The move was a difficult transition, but when she joined the Tonganoxie High School debate team in 1999, she felt as if she’d found her niche. Almost immediately she realized she had a skill for persuasive speaking. She traveled throughout Kansas and earned her way to two championship competitions in New York City. In preparation for the debates, Earhart looked for any edge she could find. “She wanted me to go to LensCrafters to get her glasses without a prescription because she thought they’d make her look smarter,” Debbie says. Ultimately, Amy Earhart decided to use the biggest home-field advantage of any high schooler in eastern Kansas. Amelia was reborn.

By the summer of 2001, Earhart was 18 and preparing to leave home for her freshman year at the University of Kansas when her stepfather told her that he’d been hiding inappropriate feelings for her.

She didn’t tell anyone for a year. Finally, one day, Earhart says she got into an argument with her stepfather and called her father to ask for help. Glen was in a long-term relationship with another woman by then and was working as a horseshoer in southwest Colorado. He drove two days from Pagosa Springs to rescue his daughter. The moment she fled, Earhart later realized, helped define her. “I left with nothing,” she says. “I learned that if I’m going to pull this off, I’m going to do it on my own.”

She spent a year in Pagosa Springs, saving money from jobs on a golf course grounds crew and as a server at a nearby restaurant. By 2003, she’d secured financial aid and used some of her own money to pay for school at Colorado State University, which she attended for a few months. In 2004, she transferred to the University of Colorado Boulder, where she became an English major and imagined herself as a high school teacher. She seemed to be back on course: Her mother had already left her stepfather, and Earhart allowed herself to settle into college life.

But at CU, her name attracted attention, just as it did everywhere else. Now, though, when she’d tell yet another person she wasn’t a pilot, she felt a bit of guilt. It sounds strange, she admits, but for whatever reason, it was like she thought that part of the first Amelia should also be a part of her. “I felt like I was disappointing people because I wasn’t a pilot,” she says. “Here I am, Amelia Earhart, and I don’t fly.”

On June 2, 2004, Earhart took $60 from her savings and spent it on a “discovery flight” out of Centennial Airport. It was a clear afternoon, and the instructor let Earhart do most of the work. At 9,000 feet, she finally felt free. “I felt like Amelia was right there, cheering me on,” she says. Shortly afterward, she began regular flying lessons.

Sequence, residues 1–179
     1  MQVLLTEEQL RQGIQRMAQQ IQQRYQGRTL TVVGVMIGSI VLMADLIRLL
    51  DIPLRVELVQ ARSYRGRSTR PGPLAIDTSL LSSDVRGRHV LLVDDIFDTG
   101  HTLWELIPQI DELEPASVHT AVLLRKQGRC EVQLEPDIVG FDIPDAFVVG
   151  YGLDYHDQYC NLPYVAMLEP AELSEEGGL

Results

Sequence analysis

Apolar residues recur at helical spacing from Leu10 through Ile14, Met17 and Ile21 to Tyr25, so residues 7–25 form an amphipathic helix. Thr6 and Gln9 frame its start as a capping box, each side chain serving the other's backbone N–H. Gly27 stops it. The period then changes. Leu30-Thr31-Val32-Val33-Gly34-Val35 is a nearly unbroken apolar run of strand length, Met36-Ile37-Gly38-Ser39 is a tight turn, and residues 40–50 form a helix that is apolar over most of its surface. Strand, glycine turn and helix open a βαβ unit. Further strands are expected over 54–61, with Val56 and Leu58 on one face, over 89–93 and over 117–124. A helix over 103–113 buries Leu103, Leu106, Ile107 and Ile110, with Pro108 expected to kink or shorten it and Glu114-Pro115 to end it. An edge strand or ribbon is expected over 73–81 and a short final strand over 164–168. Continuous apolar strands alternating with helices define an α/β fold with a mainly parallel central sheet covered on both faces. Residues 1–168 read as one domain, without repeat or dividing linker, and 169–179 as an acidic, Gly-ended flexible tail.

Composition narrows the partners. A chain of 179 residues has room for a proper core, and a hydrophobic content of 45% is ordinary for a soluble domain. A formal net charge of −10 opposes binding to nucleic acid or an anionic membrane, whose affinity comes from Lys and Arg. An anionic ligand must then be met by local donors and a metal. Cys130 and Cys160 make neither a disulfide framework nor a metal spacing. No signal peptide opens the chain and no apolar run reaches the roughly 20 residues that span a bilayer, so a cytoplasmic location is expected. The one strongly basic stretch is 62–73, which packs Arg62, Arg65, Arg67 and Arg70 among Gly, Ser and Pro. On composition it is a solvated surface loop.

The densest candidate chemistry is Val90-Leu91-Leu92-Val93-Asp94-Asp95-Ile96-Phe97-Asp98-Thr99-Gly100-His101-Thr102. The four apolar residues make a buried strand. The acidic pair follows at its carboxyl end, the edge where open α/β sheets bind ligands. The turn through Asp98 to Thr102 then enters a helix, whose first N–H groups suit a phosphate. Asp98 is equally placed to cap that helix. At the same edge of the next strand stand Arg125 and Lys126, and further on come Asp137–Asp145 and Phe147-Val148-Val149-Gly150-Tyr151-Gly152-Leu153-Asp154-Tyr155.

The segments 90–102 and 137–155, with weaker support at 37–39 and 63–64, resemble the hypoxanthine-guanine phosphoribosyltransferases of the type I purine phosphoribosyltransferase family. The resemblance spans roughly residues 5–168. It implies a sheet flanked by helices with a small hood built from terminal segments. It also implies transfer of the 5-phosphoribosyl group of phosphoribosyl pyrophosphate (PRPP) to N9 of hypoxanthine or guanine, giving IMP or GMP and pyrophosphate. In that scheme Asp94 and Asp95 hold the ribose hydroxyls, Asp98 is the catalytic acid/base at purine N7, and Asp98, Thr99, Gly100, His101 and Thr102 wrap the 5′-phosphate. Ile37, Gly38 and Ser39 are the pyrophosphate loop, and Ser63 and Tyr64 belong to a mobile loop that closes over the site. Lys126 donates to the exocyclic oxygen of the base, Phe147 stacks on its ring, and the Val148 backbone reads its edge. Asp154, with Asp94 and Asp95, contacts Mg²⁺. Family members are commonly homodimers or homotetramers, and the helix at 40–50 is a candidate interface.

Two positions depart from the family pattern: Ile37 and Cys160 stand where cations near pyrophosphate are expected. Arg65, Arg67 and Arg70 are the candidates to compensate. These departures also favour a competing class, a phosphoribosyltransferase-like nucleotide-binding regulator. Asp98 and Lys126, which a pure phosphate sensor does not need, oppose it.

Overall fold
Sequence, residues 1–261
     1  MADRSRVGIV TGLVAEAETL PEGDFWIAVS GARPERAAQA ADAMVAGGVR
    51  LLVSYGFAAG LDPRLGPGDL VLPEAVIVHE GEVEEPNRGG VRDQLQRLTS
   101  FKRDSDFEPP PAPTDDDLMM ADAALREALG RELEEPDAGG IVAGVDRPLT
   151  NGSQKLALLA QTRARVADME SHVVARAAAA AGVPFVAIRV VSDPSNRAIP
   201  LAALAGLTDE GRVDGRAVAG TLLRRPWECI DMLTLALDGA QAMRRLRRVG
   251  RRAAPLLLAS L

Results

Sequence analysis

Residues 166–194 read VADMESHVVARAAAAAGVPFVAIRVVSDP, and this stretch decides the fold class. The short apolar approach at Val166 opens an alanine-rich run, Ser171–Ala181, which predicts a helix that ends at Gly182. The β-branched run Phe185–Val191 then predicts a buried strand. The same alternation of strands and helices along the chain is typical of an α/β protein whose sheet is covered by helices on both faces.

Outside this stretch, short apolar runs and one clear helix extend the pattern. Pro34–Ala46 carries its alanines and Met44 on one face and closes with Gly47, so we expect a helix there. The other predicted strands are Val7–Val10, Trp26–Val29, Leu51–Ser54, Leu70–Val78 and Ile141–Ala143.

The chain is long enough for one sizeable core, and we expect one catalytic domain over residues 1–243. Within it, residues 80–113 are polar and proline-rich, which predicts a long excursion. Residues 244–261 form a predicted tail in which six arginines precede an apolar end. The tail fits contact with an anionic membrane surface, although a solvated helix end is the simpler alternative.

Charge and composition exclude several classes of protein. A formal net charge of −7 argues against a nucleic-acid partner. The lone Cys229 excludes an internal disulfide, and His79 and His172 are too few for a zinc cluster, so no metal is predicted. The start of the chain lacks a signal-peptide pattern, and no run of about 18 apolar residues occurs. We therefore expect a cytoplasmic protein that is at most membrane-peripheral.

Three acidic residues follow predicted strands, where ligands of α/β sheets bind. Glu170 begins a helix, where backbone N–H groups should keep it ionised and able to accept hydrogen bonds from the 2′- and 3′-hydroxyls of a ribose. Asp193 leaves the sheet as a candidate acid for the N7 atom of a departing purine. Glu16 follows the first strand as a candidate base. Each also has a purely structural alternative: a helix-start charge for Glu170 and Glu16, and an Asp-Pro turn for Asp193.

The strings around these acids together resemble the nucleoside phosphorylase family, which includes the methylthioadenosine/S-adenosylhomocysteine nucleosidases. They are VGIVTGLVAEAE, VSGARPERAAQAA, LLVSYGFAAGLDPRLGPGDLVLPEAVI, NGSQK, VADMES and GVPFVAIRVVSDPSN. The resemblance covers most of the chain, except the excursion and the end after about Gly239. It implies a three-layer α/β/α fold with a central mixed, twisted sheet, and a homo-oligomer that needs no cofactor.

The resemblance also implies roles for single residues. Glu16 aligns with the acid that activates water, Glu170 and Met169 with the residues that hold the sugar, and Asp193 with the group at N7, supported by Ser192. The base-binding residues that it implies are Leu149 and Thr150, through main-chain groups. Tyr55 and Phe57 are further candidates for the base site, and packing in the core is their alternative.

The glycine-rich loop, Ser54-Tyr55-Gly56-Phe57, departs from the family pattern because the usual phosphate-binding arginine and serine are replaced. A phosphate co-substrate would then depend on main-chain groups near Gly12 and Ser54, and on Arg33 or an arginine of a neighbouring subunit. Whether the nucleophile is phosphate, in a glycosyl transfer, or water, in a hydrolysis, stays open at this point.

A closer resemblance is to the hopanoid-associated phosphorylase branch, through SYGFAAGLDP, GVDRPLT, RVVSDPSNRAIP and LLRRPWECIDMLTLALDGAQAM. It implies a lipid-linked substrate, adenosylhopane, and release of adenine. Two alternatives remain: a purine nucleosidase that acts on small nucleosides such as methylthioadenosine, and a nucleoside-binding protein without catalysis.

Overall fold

That was only the second-most fateful thing to happen to Earhart that year: A dean at the University of Colorado had learned about the Amelia Earhart on campus who happened to be related to the famous aviatrix and wanted to become a pilot. Soon there was a short profile in Campus Press.
A couple of weeks later, KOA radio called. “I thought it’d be a cute little feature we could do for the holidays,” says Kathy Walker, the station’s news director. “ ‘Amelia Earhart comes to Boulder.’ ” At the end of the interview, Walker stopped the tape. “Her face fell,” Walker remembers. “I said, ‘I don’t want to do a story on you. I want to hire you.’ ” Walker called Lee Larsen, then the market manager of Clear Channel Denver, and told him she was going to hire the young woman. “I was in awe,” Larsen remembers of his first meeting with Earhart. “It was pretty clear she wasn’t trying to tread on a famous name. She was mature, unlike most college students you meet.”

Earhart worked the split shift at KOA—early mornings and late nights—and went to classes during the day. She did small reporting jobs, worked her way into feature stories, and covered traffic for Clear Channel stations around Denver and remotely for stations from Seattle to Phoenix. Shortly after starting her job in 2004, she was asked to join a mission to search the South Pacific for the original Earhart’s crashed Lockheed 10-E Electra. “I think it would probably be a pretty pivotal moment in my life and extremely important to my family” if plane remains were found, she said in an article that was published in newspapers across the country and identified her as the original Earhart’s third cousin. Though Amelia Rose ultimately didn’t go, the article solidified her as the most noteworthy living member of a family she’d never actually met.